In the second half it was more of the same. Zico, who had seen much less of the ball thanks to the close attention of Gentile, took advantage of a swath of space after receiving the ball in his own half and picked out Cerezo, who had marauded through the center of Brazil's forward line. The 40-year-old Zoff anticipated the pass and slid into the challenge at the edge of his box, swatting the ball forward before the defender had the chance to pose any serious threat to the goal.
Not long after, a ball over the top from Junior was flicked on by Cerezo toward Serginho. The Brazilian dueled with substitute Giuseppe Bergomi and then beat him to the loose ball that followed. Three yards away with his back to the goal, Serginho tried to back-heel it into the net but was prevented from making contact by a sliding challenge from Zoff.
The Italians turned the clearance into a dangerous counterattack, with Graziani finding Rossi one-on-one with Brazilian goalkeeper Waldir Peres in the box. Peres closed the angle enough that Rossi pulled it wide of the near post, missing a game-clinching opportunity in agonizing fashion.
Junior put a ball over the top to the hard-working Cerezo, who blasted the ball into the side netting from the corner of the six-yard box.
The Selecao finally had their hard-earned equalizer in the 68th minute. Junior started a long run from the left flank at the halfway line, cutting inside before finding an open Falcao at 21 yards out and slightly to the right. Each Italian defender turned to mark another player expecting another to step up and challenge the Roma man. In acres of space, Falcao dribbled to find a shooting lane and drilled the ball from 18 yards at almost dead center.
Zoff had no chance. Brazil were, for the moment, bound for the semifinals again.
Brazil looked to seal the game, but Zico put a long-range shot comfortably over the bar. Then, six minutes after putting themselves in position to advance, the Brazilians saw themselves looking up again.
It started when Peres made a hash out of a header sent back to him by one of his own players. Late coming to claim it, the ball snuck over the end line for a corner kick.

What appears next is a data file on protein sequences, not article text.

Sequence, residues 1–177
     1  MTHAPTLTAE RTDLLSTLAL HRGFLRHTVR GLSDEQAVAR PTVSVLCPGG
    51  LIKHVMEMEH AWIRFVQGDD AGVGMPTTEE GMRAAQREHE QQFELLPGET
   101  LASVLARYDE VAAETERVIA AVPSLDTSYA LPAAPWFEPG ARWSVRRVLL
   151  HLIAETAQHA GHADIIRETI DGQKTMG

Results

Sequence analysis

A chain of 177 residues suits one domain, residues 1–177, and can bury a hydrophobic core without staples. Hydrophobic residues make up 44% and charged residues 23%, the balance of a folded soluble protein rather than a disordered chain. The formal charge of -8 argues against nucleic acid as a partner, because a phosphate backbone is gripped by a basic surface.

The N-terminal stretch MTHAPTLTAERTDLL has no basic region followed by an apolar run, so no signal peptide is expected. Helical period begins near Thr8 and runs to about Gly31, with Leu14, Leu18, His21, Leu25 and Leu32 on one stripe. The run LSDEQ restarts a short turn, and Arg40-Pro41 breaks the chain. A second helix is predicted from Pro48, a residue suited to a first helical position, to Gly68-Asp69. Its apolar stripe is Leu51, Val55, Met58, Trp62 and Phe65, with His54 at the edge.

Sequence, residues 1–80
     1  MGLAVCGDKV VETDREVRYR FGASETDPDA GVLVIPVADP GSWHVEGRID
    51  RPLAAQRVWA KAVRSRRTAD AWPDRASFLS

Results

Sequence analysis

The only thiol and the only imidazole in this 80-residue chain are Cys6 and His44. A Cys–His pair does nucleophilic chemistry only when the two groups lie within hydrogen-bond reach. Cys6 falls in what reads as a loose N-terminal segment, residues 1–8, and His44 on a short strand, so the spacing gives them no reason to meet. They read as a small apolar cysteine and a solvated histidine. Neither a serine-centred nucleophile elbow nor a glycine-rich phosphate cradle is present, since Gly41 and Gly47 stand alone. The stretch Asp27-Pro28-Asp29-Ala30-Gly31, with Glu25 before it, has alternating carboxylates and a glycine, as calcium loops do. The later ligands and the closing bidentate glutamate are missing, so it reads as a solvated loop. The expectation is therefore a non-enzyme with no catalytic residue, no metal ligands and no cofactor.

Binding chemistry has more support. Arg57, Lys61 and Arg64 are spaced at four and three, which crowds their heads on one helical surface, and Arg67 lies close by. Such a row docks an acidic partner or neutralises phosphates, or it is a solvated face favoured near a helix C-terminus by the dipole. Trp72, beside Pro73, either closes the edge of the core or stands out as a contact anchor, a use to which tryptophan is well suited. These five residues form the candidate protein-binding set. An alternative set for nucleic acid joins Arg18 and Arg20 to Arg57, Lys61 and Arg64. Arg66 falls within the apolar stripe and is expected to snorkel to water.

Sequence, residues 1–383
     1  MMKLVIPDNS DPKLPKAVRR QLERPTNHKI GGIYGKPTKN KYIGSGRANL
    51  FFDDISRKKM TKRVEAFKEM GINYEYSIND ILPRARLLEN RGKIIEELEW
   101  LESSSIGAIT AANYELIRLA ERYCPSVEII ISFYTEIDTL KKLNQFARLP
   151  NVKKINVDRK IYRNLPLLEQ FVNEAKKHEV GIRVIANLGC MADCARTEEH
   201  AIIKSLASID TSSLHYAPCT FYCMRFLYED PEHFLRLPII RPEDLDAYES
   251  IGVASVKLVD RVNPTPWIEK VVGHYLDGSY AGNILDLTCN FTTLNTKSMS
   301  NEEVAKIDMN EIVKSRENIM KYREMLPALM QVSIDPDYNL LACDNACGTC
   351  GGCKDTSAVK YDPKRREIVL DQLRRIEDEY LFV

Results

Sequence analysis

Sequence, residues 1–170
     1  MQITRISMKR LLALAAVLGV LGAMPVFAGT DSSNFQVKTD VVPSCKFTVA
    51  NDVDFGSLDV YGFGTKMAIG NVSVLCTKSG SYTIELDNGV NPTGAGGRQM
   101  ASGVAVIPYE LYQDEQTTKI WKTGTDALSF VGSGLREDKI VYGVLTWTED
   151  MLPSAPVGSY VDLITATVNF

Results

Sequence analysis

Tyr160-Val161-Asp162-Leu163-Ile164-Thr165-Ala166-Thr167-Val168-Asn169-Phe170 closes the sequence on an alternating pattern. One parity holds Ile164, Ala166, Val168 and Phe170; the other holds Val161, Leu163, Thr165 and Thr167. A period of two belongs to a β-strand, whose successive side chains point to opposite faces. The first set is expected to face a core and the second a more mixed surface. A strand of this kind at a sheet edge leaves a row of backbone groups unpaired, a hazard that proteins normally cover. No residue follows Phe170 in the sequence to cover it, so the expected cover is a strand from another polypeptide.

Bergomi rose to meet the ensuing delivery but was thwarted by a pair of Brazilian markers. The ball fell to Marco Tardelli, who aimed a weak shot toward the goal. The ball rolled toward the six-yard box, where both Rossi and Graziani were waiting. Both took aim, but Rossi was the one who connected with his third of the game.
It was 3-2. The shocker was back on.
Italy very nearly added to the score when Giancarlo Antognoni slotted home Gabriele Oriale's pass, but the assistant had his flag up.
Brazil had one last chance when Eder swung in a free kick from the left wing. Defender Oscar met it with a powerful header. Zoff got his palm to it and then scrambled toward the trickling ball, stopping it just before it went over the goal line. Brazil's players waved their arms, insisting the ball had crossed, but referee Klein waved their protests away. Replay proved this crucial call correct.
Not long after Klein blew his whistle. Italy had pulled off one of the biggest shocks in World Cup history. Having scraped their way through the first round, the Italians had managed to beat the two best teams in the world and book their place in the semifinals.
The semifinal would pit Italy against Poland in a rematch from the first round. The first match had been a dull goalless draw and had featured a lifeless Rossi. This time the striker scored once in each half as the Italians—minus Gentile, who had been suspended for yellow card accumulation after the Brazil match—marched into the final. That game will be covered in more detail in the next installment of this series.
In Brazil, the match became known as "A tragedia do Sarria"—the Tragedy of Sarria. It marked a major defeat not only for the team but for the entire nation's philosophy of soccer. Four years later they would bow out in the quarterfinals to France.
Referee Klein was the fourth official for the final in 1982 and was rumored to be set to officiate a replay of the match should it have been needed.